The more one reads about Uber’s leadership and the manner in which it goes about conducting business and treating its employees, the harder it becomes to give the company the benefit of the doubt when a new bombshell report emerges. Indeed, it seems that we can’t even go a few days without seeing Uber appear in the news for all the wrong reasons.

The latest black mark on Uber’s reputation comes from Amir Efrati of The Information who writes that the ridesharing company, from 2014 through 2016, utilized a top-secret piece of software called “Hell” which was designed to keep the number of Lyft drivers on the road as low as possible.

Citing an employee who claims to have worked on the software, “Hell” was able to track the location of Lyft drivers looking for passengers. Further, the software was also able to identify which drivers also happened to work for Uber as well. With that information in tow, requests for rides were more likely than not routed to Uber drivers who also operated as Lyft drivers, even if other Uber drivers were closer to a passenger’s designated pickup location.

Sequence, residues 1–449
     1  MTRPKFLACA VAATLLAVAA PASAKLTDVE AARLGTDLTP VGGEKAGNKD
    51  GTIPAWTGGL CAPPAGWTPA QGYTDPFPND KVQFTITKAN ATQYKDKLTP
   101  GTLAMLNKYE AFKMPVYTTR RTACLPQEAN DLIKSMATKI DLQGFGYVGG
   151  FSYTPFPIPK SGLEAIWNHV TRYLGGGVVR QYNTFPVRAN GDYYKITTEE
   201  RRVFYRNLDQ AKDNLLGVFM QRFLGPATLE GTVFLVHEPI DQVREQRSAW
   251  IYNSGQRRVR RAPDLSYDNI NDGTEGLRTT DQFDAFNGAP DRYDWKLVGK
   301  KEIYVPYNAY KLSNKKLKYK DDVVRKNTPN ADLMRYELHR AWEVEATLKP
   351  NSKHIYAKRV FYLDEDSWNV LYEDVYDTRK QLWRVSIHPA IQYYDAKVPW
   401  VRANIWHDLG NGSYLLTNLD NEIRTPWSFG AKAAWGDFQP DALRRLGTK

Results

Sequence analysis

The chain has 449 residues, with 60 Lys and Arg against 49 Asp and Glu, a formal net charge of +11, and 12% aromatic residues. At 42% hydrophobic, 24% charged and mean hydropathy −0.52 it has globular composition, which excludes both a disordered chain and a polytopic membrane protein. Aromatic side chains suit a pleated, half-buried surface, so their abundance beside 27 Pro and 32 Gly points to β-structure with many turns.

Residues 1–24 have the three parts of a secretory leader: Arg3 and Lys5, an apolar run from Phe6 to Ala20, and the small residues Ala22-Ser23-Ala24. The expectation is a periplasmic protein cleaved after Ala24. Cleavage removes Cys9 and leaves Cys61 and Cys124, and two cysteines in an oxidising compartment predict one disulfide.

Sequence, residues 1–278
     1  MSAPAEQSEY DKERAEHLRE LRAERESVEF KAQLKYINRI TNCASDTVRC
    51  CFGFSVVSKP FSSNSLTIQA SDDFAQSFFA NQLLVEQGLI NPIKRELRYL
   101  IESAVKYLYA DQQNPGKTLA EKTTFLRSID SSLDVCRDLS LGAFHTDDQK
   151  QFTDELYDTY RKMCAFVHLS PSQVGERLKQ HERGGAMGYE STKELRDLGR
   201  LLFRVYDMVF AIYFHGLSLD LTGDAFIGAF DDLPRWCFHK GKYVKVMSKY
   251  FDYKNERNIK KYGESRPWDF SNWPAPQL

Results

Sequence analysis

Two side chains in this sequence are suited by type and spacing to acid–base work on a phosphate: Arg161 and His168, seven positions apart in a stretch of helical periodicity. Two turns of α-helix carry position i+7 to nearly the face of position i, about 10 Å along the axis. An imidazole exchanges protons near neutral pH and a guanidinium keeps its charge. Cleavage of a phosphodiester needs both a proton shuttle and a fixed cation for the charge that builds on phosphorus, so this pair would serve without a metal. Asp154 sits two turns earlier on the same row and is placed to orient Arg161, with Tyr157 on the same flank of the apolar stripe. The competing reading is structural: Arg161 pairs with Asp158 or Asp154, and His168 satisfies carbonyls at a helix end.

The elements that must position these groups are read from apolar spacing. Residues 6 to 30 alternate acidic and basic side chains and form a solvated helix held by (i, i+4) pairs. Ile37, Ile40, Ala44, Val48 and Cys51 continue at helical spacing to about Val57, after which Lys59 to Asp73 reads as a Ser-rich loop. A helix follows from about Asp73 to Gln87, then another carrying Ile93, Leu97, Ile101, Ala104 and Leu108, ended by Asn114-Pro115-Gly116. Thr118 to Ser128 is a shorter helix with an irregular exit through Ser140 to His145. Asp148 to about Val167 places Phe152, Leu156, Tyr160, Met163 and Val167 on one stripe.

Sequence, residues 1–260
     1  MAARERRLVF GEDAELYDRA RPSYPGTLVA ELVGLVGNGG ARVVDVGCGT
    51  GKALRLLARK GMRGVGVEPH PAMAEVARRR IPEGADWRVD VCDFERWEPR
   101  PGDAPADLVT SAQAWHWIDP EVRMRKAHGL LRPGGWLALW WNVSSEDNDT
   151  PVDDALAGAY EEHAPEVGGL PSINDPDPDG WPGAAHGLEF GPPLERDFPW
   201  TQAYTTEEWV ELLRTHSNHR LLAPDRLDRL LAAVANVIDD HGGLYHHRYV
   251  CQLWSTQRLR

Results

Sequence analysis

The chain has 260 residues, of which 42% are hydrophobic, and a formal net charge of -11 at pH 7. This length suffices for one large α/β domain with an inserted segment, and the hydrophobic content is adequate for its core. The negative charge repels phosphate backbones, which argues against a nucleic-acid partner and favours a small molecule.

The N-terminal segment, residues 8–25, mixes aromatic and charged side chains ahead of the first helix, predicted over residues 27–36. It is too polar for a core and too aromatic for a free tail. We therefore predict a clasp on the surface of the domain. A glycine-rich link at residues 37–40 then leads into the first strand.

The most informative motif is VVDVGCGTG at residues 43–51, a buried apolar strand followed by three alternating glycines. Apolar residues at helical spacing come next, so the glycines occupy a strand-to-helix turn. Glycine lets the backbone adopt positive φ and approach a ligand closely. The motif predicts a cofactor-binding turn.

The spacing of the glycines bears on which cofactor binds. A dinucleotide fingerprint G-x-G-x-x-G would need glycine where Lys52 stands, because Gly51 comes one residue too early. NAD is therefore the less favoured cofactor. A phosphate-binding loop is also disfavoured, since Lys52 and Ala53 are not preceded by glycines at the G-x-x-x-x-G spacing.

The rationale behind the software was simple: if individuals working for both Uber and Lyft were constantly kept busy picking up riders via the Uber app, it would necessarily diminish the number of available Lyft cars on the road.

Axios adds:

In addition to using fake passenger accounts to see driver locations, Uber noticed that it could track each driver’s habits, and even figure out which ones were driving for both services by matching their locations. Uber then targeted these dual drivers with additional promotions to get them to shift more time to Uber, and routed rides to keep them busy and not picking up Lyft passengers.

While this allegation may seem outlandish at first glance, remember that Uber is the same company that had employees make and then cancel 5,560 Lyft rides in order to decrease driver availability, and in turn, make Lyft seem like a less appealing venture relative to Uber.

View Comments